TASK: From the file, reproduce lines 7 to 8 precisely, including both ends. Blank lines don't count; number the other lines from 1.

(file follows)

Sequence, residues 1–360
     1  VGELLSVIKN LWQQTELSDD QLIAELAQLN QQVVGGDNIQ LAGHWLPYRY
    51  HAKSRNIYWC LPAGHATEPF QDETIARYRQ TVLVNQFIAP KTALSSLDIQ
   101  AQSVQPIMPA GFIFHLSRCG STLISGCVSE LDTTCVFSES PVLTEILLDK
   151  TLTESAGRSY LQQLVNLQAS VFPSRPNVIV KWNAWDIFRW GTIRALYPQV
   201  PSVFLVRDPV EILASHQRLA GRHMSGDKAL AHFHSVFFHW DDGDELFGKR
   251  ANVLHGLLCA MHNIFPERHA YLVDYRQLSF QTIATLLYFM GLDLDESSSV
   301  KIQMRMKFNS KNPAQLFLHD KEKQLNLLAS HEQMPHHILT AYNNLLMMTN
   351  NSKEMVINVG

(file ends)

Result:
   251  ANVLHGLLCA MHNIFPERHA YLVDYRQLSF QTIATLLYFM GLDLDESSSV
   301  KIQMRMKFNS KNPAQLFLHD KEKQLNLLAS HEQMPHHILT AYNNLLMMTN